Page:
Sanjeev Gupta of the Liberty House Group has emerged as a potential buyer as Tata Steel prepares to sell its UK assets and the David Cameron government scrambles to assure the future of thousands of jobs affected by the sell-off decision.
Gupta, who graduated from Cambridge in 1995, is the founder and heads the international steel and non-ferrous metals group, operating from four hubs in London, Dubai, Singapore and Hong Kong with a network of offices spread across 30 countries around the world.
Gupta is considered a potential buyer for some parts of Tata Steel’s business in Britain. His family recently bought most of the companies in the Caparo Industries Group (owned by Swraj Paul), which went into administration in end-2015.
Gupta said he had already opened discussions with Tata Steel and was ready to hold talks with the government: “We would need a proper partnership with the government. I don’t know what that would entail at this stage. We’ve started the discussions ... we are in the process of starting a discussion with Tata,” he told The Sunday Telegraph.
He added: “I haven’t made a proposition that I want to buy all of (Tata Steel UK) because that’s too big an undertaking to even put on the table at this stage. If the company, its people, its workers and the government would be willing to consider my suggestions then I’m willing to engage in a discussion about what role we will play in that.”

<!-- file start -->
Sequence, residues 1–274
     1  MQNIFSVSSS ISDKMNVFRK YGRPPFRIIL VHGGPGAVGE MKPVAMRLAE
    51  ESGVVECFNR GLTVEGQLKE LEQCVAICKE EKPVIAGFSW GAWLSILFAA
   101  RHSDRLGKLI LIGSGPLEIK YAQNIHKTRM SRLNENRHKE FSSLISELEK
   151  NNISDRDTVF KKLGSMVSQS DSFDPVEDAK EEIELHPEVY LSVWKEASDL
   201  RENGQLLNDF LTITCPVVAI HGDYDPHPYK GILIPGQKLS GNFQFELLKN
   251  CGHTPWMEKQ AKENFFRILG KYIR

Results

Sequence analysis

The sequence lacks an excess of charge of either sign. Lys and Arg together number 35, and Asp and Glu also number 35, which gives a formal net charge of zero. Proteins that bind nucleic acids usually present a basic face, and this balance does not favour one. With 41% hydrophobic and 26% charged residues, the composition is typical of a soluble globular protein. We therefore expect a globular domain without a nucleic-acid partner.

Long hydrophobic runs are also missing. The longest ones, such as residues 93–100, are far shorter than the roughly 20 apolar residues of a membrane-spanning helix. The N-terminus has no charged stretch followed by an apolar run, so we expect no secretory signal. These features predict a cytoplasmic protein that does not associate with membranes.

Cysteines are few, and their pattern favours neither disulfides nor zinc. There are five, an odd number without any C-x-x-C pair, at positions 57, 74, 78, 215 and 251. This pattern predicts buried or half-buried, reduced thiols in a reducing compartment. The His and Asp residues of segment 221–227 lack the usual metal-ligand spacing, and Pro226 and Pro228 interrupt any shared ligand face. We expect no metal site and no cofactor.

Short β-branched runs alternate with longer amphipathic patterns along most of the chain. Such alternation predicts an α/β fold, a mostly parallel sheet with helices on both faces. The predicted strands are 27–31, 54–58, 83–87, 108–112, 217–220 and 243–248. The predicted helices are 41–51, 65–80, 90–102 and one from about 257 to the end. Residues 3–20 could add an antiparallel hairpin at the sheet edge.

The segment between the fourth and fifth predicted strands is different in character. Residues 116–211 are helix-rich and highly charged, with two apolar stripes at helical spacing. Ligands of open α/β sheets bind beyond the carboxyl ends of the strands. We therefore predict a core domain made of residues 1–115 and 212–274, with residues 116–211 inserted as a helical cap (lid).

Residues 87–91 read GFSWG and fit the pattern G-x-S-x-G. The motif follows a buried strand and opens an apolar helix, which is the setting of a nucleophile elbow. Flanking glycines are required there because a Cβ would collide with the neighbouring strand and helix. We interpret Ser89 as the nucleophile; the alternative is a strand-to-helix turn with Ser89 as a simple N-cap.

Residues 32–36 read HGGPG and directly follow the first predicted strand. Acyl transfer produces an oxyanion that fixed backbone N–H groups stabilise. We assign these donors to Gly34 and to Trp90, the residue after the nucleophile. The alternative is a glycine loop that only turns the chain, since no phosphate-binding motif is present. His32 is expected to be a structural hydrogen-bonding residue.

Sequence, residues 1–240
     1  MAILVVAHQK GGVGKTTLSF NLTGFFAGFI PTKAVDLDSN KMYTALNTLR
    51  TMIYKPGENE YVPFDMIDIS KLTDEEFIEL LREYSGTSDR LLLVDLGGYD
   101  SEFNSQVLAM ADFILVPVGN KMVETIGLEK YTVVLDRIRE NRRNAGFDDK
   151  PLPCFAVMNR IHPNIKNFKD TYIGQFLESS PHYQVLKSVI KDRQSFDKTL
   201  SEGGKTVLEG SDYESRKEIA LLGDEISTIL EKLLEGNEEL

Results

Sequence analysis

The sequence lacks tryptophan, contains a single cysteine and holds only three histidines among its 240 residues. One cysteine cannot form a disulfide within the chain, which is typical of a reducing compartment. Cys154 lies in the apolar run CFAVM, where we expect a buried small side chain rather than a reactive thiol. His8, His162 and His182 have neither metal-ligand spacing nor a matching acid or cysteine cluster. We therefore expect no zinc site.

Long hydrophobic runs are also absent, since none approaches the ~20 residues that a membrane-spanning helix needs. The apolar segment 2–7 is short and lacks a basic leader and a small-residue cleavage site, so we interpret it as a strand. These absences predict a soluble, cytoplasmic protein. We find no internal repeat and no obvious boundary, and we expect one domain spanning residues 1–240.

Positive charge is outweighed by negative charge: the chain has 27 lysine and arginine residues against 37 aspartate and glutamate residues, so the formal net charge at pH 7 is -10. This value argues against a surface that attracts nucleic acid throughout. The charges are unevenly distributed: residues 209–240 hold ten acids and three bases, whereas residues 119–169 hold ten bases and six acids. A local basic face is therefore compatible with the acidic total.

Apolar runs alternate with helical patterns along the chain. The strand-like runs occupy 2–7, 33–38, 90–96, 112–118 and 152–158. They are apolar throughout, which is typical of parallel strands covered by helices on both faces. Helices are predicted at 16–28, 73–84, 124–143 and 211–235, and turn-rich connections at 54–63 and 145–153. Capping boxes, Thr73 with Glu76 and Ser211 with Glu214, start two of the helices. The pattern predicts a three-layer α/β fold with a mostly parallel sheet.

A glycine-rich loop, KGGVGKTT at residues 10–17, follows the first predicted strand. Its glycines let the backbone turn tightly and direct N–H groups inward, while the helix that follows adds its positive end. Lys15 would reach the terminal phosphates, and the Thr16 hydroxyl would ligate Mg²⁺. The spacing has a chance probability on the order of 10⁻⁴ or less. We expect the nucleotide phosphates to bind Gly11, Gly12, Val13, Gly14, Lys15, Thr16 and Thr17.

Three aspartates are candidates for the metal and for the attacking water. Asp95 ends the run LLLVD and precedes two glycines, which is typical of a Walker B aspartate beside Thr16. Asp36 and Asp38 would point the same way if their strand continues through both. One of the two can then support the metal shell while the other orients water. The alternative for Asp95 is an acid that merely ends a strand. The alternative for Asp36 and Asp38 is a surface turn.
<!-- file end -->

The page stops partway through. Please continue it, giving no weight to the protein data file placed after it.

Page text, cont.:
Gupta is described as hailing “from a very successful industrial and business family and has put his background and experience to good use to grow the trading business globally. He traded various commodities in the markets of Asia, Middle East, Europe and Africa, establishing and developing the Liberty brand and the global network. From the year 2000 onwards, SKG’s focus has been on growing the trade in steel, metals and raw materials while developing the industrial asset base of the Group”.
The Cameron government, meanwhile, asked all public sector bodies to buy British steel for infrastructure and other projects, as part of efforts to rescue the beleaguered steel industry grappling under dumping of Chinese steel.
Business Secretary Sajid Javid said: “By changing the procurement rules on these major infrastructure projects, we are backing the future of UK steel - opening up significant opportunities for UK suppliers and allowing them to compete more effectively with international companies.”
Roy Rickhuss, general secretary of the Community trade union, said the announcement was “a small step in the right direction” but said steelworkers “will be shocked to discover that these measures were not already in place”.
Shadow business secretary Angela Eagle said while the announcement was welcome, but added: “The government has been dragged kicking and screaming to take action to support the steel industry, which is a vital foundation industry and has descended further into crisis on their watch,” she said.
The Liberty group’s turnover is approaching USD 5 billion, covering steel, raw materials and non-ferrous metals, employing over 2000 people globally, while total production capacity in steel exceeds 3 million MT per annum, it said.